This article was published with permission from Pittsburgh Business Times | Link
The co-CEO of TeleTracking Technologies, the Pittsburgh-based hospital and health care analytics firm that stood up the federal government’s Covid-19 tracking system, believes the public-private partnership has real value post-pandemic and that it continues in some form even after the threat has receded.
For those in the health care industry, TeleTracking was already synonymous with real-time analytics that helped hospitals nationwide manage hospital beds, operating rooms and intensive care units, and other infrastructure. Early in the Covid-19 pandemic, it also ramped up its services and a Covid-specific dashboard for its hospital clients. But TeleTracking got even bigger exposure in the spring of 2020 when it received a $10 million contract in the to collect Covid-19 data from throughout the nation’s health care system. While there had never been a system like it on the national scale, TeleTracking had been providing metrics like that to its hospital and health system clients for decades.
Earlier in the spring, TeleTracking began a new $13 million contract with the U.S. Department of Health and Human Services that continues its work to measure hospital capacity at the nation’s hospital systems under the HHS Protect System.
In an interview with the Pittsburgh Business Times, TeleTracking Co-CEO Chris Johnson said that the effort — from TeleTracking, the federal government and others — have made a difference in the pandemic. He said that there’s a need and a going concern for this kind of information to be tracked regularly through some system, for policymakers, scientists, health technologists and others in the health care system.
“What we’ve created collectively over the course of the Covid pandemic is a system that creates transparency and visibility to our health care system,” Johnson said. “We never want to go back to a time when that doesn’t exist.”
While vaccinations increase and the amount of serious illness and death have decreased, Johnson said that the pandemic isn’t over with yet and there are continued challenges not only with Covid variants but also the impacts — including behavioral and mental health — that have either been exposed or exacerbated by the pandemic. He said the HHS Protect system can serve there and in other ways.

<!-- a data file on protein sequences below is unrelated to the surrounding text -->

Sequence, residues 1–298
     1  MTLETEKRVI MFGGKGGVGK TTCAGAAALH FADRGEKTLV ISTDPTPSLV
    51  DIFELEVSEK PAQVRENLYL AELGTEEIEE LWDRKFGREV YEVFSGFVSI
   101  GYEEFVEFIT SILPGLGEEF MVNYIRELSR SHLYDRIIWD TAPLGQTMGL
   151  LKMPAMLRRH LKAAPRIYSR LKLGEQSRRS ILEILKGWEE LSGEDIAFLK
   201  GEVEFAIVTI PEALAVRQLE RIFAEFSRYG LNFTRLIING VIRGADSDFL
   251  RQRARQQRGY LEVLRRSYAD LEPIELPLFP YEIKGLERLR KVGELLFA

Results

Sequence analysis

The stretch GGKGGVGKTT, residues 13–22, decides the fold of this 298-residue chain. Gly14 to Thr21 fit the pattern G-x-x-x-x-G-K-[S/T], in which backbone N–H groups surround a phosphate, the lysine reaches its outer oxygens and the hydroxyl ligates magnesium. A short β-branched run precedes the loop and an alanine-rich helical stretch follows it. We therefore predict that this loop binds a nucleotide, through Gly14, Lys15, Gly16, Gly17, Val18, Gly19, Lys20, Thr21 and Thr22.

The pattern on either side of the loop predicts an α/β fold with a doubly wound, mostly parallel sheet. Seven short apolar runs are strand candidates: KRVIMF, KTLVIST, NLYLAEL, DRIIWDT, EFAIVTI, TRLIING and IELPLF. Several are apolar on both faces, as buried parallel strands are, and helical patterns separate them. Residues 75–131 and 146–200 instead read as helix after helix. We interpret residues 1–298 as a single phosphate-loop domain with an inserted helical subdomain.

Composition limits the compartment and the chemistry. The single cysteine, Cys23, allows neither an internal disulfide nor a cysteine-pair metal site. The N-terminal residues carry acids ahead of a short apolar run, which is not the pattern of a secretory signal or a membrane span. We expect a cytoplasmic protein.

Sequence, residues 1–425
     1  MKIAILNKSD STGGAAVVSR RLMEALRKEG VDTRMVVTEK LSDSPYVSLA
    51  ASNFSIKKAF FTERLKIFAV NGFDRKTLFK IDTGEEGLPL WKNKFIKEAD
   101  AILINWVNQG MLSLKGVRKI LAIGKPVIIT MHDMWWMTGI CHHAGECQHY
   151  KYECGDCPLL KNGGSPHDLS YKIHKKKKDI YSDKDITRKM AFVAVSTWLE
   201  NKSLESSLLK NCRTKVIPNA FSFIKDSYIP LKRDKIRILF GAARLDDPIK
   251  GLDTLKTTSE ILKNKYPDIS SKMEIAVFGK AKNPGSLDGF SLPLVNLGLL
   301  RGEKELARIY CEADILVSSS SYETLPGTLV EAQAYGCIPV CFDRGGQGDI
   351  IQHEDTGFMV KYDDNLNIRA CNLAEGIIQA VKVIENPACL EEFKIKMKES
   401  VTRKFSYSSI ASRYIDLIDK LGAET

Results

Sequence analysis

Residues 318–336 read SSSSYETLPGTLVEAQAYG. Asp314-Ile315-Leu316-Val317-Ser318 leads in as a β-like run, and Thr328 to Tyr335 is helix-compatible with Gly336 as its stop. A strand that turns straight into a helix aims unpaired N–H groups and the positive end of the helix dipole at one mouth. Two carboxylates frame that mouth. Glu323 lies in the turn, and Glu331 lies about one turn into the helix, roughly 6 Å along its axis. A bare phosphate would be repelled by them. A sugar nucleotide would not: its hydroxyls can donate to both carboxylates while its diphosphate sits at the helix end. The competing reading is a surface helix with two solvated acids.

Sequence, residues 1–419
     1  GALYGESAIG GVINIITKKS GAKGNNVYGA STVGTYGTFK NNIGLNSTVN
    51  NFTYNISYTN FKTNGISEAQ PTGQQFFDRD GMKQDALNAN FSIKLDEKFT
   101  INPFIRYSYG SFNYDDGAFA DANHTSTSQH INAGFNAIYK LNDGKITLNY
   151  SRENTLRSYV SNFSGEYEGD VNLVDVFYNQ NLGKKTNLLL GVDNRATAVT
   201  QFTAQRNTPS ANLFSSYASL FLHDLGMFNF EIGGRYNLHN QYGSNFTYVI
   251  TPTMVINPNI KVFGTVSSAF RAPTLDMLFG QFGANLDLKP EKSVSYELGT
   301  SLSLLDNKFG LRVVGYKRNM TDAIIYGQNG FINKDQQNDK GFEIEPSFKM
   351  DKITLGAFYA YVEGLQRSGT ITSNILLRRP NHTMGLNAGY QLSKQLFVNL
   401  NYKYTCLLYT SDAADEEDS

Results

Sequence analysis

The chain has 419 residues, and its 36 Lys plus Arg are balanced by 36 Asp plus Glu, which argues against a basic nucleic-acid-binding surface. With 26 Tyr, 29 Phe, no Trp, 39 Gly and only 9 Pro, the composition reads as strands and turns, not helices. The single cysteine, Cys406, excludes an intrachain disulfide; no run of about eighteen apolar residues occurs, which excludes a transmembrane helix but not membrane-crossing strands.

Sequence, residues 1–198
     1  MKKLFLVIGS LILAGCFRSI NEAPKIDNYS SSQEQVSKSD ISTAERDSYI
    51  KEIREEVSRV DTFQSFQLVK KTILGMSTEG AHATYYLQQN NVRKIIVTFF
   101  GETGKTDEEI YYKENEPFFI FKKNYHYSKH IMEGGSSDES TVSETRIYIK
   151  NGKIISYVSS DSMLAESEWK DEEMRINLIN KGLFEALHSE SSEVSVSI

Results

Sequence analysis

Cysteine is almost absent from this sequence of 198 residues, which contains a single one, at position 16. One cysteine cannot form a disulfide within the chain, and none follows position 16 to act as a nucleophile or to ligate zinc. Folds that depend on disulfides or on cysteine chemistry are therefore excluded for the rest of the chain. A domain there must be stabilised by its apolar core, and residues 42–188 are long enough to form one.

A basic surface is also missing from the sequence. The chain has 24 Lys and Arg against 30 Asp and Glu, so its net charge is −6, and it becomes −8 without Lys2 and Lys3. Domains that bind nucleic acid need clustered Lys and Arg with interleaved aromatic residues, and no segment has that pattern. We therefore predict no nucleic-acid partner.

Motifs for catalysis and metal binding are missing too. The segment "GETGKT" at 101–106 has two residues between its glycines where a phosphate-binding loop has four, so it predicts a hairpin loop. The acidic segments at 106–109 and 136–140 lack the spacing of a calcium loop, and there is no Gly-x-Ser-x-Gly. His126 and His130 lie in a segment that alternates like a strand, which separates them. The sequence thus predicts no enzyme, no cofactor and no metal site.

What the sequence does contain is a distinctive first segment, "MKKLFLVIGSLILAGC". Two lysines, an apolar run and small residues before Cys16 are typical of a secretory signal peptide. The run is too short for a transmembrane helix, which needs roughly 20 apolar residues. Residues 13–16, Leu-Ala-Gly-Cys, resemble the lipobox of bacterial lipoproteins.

“What we’ve created collectively is a system that is not just in place for Covid but can be continually used to support the U.S. health care system,” Johnson said.
While the new administration hasn’t yet determined where it will go long-term, the $13 million contract is a vote of confidence in the system and its use during the Covid-19 pandemic. That’s significant because while the contract had been attacked by some as a partisan measure, TeleTracking and its system have now received significant attention and buy-in from the last two administrations.
Johnson acknowledged that it was a highly volatile political environment but that the company stayed out of politics and focused on what it was good at.
“Politics isn’t our game. We’re an apolitical organization and we’re going to let our work speak for itself,” Johnson said. He added: “A contract under the new administration is quite frankly indicative of the quality of the work and the work that’s being done by this team moving ahead.”
The tracking itself and the burden on hospitals have decreased since the pandemic began, as the federal government, TeleTracking and the individual hospitals and health systems themselves worked out the logistics. Johnson said TeleTracking was sympathetic to the challenges hospitals were having and worked to ease them, especially given the fact that there is no one system nationwide for gathering that information.
“Long term, we certainly anticipate continuing to streamline the process,” Johnson said.
TeleTracking also adapted the system to offer tracking measures including the supply and utilization of personal protective equipment, therapeutic use and vaccine administration, all as completely and transparently as possible.
Meanwhile, even with the extraordinary work that TeleTracking has done during the pandemic, it isn’t the only initiative. TeleTracking also provided in-depth information and analytics in real time to its existing customers in the United States, which grew to about 1,000 hospitals. It’s also working to expand its services in the government sector and recently boosted its profile internationally. During the pandemic, TeleTracking expanded its services in Canada, Germany and the United Kingdom. Its clients internationally are generally individual hospital systems but there is also interest in the type of work that TeleTracking did with the U.S. government.
All of its work, for its customer base as well as government, is based around the company motto that no patient should wait for the care that’s needed.
“The pandemic has shined a magnifying lens on the need,” Johnson said.